Just us, the cameras, and those wonderful people out there in the dark...

Saturday, July 4, 2015

21st Century Essentials: Gomorra (2008)

All eras have works of art that are fundamental to our understanding of not only the craft itself, but the culture from which it was created. The 21st century is still nascent, but it isn't too early to start creating a canon that demonstrates the heights to which film as an artform has reached since the year 2000. These are the essential films:

Director: Matteo Garrone
Starring: Gianfelice Imperato, Salvatore Abruzzese, Carmine Paternoster, Toni Sevillo, Salvatore Cantalupo, Marco Macor, Ciro Petrone
Country: Italy

Movies about gangsters, even those which see the gangsters as villains rather than anti-heroes, almost inevitably end up glorifying the lifestyles of their protagonists, even when they make it clear that that life is destined to end in a hail of bullets. These films depict men attaining vast power, living lavishly (usually with a woman – or two – on his arm), and sometimes dying gloriously. As Henry Hill puts it in Goodfellas, “to be a gangster was to own the world,” and all the bad stuff that goes along with the life is worth it because the alternative is being an average nobody. Matteo Garrone’s Gomorra adopts a distinctly different perspective from most mob movies, in that his film is very much a movie about “average nobodies,” men who occupy the bottom rungs of a crime syndicate and struggle to achieve little more than survival as a vicious mob war cuts down men and women left, right, and center. It’s a brutal and unsentimental film, and a great one.

Monday, June 29, 2015

Summer Not-Busters: Jonah Hex (2010)

Director: Jimmy Hayward
Starring: Josh Brolin, John Malkovich
Domestic Gross: $10,547,117

If there's any one thing that I've learned since I began purposely seeking out the box office bombs of summers past, it's that more often than not those failed movies deserved to fail and that audiences' instincts to stay away were sounds. While there have been some hidden gems in this series, including last week's Down With Love, they represent the minority; most of these films are not merely box office failures, but in some fundamental way cinematic failures as well. Jonah Hex is most certainly a failure, a film that audiences rightly steered clear of in the summer of 2010, that failed to attract ticket buyers even with its comic book association, even with its relatively (compared to the bloated running times of most films these days) attractive short running time, and even as counter-programming to Toy Story 3, released on the same day, it couldn't manage to open to more than $5 million and change. If Jonah Hex has now been completely forgotten, it would only be fitting. The only interesting thing about it is that it features a still on-the-cusp Michael Fassbender in a supporting role.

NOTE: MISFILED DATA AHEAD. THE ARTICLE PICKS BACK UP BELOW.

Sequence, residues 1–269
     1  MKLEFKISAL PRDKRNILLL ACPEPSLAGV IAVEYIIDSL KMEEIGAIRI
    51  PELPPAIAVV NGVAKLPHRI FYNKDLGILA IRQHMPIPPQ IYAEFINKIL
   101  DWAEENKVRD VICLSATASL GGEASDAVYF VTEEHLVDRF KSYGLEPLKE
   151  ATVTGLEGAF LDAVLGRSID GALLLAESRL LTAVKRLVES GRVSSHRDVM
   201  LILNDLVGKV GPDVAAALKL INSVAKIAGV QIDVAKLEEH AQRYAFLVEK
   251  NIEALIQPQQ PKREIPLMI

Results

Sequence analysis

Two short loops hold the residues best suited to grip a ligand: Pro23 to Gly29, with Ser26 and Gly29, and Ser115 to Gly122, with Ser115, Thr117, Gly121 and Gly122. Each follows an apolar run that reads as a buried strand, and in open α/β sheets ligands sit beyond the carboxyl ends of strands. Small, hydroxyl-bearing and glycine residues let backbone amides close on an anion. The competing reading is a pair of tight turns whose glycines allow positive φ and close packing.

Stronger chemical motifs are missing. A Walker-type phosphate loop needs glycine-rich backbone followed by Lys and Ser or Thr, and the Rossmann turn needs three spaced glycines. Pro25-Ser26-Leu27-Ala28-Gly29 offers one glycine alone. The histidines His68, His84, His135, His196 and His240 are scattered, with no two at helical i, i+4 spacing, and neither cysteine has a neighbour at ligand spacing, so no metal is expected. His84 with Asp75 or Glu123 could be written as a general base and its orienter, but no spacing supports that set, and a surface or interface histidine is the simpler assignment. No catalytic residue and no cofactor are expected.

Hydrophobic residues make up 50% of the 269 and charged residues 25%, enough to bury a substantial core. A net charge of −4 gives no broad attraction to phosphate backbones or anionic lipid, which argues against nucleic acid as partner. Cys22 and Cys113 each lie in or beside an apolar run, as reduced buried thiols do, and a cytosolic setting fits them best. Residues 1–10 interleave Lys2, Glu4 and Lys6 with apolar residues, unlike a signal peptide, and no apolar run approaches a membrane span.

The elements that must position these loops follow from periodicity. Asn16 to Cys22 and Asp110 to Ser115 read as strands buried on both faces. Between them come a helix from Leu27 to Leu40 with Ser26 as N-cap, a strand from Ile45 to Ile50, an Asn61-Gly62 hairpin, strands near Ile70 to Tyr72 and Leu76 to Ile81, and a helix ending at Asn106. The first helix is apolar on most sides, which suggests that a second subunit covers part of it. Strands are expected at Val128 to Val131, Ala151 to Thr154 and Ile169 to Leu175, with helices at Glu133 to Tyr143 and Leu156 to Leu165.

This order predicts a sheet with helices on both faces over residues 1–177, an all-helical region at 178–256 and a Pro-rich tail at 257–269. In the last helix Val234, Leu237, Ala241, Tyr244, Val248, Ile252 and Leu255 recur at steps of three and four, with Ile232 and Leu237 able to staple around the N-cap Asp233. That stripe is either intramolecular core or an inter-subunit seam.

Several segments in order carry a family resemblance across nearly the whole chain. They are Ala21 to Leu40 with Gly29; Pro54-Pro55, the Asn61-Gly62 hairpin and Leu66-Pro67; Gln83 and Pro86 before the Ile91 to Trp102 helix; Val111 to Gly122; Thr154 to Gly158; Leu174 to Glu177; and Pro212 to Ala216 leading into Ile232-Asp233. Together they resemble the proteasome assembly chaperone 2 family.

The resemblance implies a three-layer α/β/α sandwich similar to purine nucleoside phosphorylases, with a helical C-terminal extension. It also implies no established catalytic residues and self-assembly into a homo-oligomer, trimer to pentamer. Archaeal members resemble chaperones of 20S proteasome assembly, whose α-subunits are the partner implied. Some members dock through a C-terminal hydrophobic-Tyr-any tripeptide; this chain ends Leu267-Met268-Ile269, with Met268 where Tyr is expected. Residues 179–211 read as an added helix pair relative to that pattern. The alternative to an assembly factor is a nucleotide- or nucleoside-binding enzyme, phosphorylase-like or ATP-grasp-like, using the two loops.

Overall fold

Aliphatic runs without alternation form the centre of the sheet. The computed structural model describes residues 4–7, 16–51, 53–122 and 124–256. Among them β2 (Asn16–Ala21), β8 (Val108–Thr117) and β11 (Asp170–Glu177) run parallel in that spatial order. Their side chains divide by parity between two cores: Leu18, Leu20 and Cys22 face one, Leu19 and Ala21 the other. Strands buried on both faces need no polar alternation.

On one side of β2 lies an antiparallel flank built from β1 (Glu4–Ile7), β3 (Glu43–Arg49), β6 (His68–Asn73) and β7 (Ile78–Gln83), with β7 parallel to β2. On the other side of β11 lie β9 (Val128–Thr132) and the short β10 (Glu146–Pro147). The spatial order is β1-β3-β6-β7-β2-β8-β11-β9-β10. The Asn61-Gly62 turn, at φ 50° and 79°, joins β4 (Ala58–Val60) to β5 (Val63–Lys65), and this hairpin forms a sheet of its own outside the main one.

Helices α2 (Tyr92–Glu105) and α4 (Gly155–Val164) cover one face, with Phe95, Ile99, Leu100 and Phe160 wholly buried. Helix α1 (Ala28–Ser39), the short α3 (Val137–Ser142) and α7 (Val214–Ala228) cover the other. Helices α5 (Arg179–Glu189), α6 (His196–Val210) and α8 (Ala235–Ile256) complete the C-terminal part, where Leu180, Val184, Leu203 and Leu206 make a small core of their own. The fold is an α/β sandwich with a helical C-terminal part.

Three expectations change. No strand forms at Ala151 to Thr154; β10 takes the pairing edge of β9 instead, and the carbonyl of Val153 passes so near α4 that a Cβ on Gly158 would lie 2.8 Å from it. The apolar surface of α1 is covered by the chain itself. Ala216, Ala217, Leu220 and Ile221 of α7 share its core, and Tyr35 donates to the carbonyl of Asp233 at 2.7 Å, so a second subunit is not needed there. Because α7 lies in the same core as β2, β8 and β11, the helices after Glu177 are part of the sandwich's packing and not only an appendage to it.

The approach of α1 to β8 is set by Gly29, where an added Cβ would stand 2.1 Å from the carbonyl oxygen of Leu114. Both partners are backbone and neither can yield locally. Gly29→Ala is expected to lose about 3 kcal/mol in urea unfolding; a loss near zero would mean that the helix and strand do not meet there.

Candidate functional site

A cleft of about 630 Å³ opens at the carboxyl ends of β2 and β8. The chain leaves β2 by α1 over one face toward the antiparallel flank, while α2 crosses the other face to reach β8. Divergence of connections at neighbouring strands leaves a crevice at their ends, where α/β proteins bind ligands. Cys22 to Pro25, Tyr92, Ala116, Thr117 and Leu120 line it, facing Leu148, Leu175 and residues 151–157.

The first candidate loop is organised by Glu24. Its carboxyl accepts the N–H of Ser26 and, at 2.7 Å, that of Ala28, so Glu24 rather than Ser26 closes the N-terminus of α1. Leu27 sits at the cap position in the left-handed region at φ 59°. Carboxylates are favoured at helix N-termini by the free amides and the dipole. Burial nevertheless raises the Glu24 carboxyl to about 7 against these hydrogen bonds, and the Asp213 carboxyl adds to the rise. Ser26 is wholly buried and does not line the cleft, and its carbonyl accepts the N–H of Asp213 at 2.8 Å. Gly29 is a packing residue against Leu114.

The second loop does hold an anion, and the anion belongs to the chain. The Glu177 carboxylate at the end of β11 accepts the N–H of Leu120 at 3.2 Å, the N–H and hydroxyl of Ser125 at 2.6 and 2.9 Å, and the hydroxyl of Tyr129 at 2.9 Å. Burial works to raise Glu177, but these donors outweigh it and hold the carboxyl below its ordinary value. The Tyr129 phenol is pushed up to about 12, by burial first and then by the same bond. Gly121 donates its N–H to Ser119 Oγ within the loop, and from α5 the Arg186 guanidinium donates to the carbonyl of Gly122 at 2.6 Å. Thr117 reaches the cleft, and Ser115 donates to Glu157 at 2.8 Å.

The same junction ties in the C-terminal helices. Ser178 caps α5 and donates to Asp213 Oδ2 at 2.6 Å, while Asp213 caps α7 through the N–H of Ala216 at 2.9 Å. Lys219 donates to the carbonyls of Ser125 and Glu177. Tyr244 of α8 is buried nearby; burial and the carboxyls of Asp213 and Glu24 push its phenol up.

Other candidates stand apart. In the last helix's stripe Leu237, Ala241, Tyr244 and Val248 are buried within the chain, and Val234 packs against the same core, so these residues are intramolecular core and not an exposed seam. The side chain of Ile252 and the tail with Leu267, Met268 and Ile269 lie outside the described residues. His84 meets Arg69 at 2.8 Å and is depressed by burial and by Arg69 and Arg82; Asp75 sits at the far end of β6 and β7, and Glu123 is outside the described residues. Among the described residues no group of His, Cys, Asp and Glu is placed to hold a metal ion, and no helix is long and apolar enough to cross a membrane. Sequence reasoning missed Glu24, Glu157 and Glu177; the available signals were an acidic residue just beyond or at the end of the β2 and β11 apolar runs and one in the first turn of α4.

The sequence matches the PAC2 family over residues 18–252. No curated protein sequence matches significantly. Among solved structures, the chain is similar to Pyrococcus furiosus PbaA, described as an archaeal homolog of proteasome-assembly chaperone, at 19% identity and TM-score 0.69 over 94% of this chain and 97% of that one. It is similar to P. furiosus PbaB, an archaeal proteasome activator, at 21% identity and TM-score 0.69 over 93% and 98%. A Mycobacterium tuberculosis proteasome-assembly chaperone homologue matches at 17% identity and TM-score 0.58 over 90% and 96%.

Sunday, June 28, 2015

Review: Young & Beautiful (2013)

* * *

Director: Francois Ozon
Starring: Marine Vacth

Writer/director Francois Ozon has made plenty of movies about women - very good movies about women - but watching Young & Beautiful, I couldn't help but wonder whether he actually understands women, as parts of it play thoroughly like male fantasy. For the most part, however, Young & Beautiful is an interesting, if opaque, coming of age story about a teenage girl discovering, and then trying to gain control of, her sexuality and sexual power. While far from the auteur's best film - I'd have to give that honor to either the hypnotic, Hitchcockian Swimming Pool or the purely entertaining, packed with French star power, 8 Women - it's still far better from many films of its type.

Saturday, June 27, 2015

Netflix Recommends... This Is 40 (2012)

* *

Director: Judd Apatow
Starring: Leslie Mann, Paul Rudd

Netflix has recommended This Is 40 to me on numerous occasions lately, but I've always taken a pass because I've found Judd Apatow's work as a writer/director to have sharply diminished in quality with each effort (my opinion of that might change with his upcoming film Trainwreck, but he's also only the director on that one). I think he's made one great movie (The 40 Year Old Virgin), one funny but deeply problematic movie (Knocked Up), and one bloated work of self-indulgence (Funny People). Now that I've bitten the bullet and seen This Is 40, I can say that the number of bloated, self-indulgent films has risen to two. When you give a movie a title like This Is 40, which suggests that it's trying to tell a universal-ish story about the experience and condition of a generation at this point in time, and then give it a running time of almost two and a half hours, you better actually have something to say. All this movie has to say is that Apatow has become too out of touch to represent the lives of anyone but a very specific minority, and that even then he doesn't have much to say for them.

Thursday, June 25, 2015

Canadian Film Review: Patch Town (2015)

* *

Director: Craig Goodwill
Starring: Rob Ramsay, Zoie Palmer, Julian Richings

Patch Town is a movie for anyone who, as a child, imagined that their toys had a consciousness of their own and feelings that would be hurt if another toy was chosen to be played with instead. Or, perhaps, Patch Town is exactly the kind of movie that sort of person shouldn't watch, because it can only tap into latent feelings of guilt. A fantasy in which the toys of yesterday are revealed to be the slave laborers of today, abandoned by those who supposedly loved them and sucked into a system of tyranny, Patch Town is a mix of dark comedy and light suspense, with a dash of music tossed in. It isn't always successful as a film (particularly as a musical, as the incorporation of songs seems to be something of an afterthought), but it's always interesting and parts of it are rather delightful.